Unsurprisingly, I decided to go with Piwik.5 There really was no contest here, honestly. Almost by the lone virtue of the dust covering it, OWA was a non-starter. Heap and GoSquared are simply over-designed for my needs.6 If my personal web experiments ever become complex enough to warrant it, I’ll definitely give Heap and GoSquared another look (as well as any players new to the scene) but I’m guessing that between Piwik’s current features & plugin ecosystem and active development I might never need to do that.
That said, it’s extremely hard to imagine Google choosing to do the same to Analytics – especially given how valuable the data they collect through GA is to their actual Search business model. ↩
And even after all of that, I never was able to get the geolocation data to consistently work. ↩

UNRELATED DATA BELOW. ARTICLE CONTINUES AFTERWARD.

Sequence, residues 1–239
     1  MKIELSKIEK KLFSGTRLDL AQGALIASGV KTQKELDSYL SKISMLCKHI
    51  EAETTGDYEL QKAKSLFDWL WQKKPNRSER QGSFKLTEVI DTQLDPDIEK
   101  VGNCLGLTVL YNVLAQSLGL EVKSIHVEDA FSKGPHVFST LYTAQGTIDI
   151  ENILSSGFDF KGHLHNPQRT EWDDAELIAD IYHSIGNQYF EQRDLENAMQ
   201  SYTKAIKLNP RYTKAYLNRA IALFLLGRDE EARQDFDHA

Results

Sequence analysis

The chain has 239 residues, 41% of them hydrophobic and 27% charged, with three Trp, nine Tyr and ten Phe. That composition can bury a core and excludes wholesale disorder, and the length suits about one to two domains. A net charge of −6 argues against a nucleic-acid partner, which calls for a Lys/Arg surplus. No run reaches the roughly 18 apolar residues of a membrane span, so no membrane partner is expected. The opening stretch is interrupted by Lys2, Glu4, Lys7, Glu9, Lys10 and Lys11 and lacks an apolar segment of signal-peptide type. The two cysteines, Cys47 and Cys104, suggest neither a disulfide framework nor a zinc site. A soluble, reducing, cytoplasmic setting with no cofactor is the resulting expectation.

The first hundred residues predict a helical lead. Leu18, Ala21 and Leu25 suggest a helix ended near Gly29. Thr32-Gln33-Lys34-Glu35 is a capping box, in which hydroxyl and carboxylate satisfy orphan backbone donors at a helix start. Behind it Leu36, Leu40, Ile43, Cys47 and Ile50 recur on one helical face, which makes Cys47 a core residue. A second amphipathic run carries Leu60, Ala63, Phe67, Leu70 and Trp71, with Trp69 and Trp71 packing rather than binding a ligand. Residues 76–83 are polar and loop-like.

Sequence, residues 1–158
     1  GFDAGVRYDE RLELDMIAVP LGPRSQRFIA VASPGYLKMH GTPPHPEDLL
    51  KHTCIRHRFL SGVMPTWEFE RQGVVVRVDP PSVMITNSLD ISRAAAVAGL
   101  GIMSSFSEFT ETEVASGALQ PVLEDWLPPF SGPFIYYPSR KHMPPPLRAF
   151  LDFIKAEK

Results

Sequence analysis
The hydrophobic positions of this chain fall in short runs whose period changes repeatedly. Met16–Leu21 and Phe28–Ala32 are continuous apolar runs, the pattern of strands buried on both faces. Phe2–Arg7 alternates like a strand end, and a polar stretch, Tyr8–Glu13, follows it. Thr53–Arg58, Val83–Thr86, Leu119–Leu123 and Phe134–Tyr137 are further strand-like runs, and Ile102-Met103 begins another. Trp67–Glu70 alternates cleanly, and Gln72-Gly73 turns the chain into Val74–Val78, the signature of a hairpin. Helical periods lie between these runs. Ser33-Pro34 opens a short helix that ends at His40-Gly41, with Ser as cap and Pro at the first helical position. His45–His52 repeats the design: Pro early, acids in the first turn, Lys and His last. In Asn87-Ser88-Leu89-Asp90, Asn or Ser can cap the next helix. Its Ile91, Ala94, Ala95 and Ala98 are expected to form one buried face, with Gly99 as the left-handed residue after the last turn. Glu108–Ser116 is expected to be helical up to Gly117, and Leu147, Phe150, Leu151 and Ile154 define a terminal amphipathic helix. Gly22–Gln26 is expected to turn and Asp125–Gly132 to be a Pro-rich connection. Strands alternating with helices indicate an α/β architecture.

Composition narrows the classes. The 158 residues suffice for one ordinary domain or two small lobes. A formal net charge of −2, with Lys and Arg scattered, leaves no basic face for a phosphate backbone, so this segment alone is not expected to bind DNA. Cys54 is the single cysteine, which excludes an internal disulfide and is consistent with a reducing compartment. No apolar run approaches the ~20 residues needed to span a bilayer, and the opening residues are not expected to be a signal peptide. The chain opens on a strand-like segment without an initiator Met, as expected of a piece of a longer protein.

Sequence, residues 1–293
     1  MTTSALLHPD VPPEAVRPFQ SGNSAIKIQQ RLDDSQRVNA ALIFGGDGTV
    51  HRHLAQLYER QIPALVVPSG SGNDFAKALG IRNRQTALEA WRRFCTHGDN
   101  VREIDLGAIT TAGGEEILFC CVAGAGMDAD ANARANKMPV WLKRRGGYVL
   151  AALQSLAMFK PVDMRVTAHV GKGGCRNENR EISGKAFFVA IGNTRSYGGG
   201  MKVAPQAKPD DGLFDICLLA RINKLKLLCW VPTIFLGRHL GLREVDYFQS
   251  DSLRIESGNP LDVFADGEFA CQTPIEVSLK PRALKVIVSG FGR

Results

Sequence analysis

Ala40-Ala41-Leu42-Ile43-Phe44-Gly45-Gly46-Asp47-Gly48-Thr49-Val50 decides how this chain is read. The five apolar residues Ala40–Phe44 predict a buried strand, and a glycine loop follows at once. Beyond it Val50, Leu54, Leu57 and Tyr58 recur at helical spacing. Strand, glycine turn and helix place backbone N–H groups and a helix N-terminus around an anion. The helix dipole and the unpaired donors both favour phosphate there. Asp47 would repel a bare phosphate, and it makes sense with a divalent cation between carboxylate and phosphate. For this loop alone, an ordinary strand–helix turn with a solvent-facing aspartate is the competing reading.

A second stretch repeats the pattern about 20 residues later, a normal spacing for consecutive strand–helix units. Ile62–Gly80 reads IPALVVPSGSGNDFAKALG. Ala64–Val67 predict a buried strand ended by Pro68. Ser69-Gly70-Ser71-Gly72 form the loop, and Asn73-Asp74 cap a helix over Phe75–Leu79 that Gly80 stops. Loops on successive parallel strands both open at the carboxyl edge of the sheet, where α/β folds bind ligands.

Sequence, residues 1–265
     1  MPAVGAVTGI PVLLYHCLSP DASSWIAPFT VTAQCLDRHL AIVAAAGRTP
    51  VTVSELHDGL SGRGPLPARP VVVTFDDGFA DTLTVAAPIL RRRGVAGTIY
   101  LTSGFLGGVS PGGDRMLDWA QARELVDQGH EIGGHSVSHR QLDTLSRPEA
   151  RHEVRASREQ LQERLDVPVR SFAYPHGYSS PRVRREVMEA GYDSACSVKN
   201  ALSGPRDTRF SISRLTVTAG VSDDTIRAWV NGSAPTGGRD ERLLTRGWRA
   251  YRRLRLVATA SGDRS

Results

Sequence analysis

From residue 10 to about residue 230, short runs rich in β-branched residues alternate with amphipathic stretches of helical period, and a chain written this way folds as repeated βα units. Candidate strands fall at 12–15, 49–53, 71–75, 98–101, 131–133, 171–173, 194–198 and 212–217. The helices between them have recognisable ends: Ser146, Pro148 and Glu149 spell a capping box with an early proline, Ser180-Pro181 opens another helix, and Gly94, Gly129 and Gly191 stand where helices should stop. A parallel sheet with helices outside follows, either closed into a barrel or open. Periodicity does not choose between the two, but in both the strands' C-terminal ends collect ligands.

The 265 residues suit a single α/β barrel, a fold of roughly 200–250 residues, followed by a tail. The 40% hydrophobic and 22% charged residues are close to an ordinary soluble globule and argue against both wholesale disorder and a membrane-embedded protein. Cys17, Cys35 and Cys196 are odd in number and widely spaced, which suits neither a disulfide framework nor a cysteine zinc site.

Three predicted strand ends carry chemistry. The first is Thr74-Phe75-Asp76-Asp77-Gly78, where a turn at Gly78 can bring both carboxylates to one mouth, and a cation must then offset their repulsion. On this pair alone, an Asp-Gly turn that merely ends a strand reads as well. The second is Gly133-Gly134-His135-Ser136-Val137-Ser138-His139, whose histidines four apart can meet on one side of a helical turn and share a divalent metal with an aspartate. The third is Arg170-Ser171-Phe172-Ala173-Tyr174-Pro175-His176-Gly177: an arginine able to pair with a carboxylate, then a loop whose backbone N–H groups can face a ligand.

It’s worth noting that I’m not holding up GA UI/UX as a gold standard here either. ↩
I can’t believe I didn’t originally include this – as you might have already inferred given it being a self-hosted solution, there’s no waiting around for your data. ↩
Full disclosure: As I noted earlier, I’m weaning myself off Google products – not cutting cold-turkey. I’m continuing to use GA redundantly with Piwik for the time being until I’m confident in the latter's numbers and performance. ↩
Some follow-up research surfaced Logaholic and that Mixpanel offers a free tier. In the case of the former, it looks interesting – although the massive number of features that only become enabled when you start paying was a little off-putting given that I’m not looking to enroll in a paid subscription for my analytics tool at the moment (maybe later, should my needs change). Regarding the latter, while my site easily qualifies for the sub-25,000 data point ceiling of Mixpanel’s free tier, I’m a little unnerved at the thought of tipping over into their lowest paid tier purely due to having an unusually popular month (plus, I suspect that it might be over-designed for my needs like Heap and GoSquared). ↩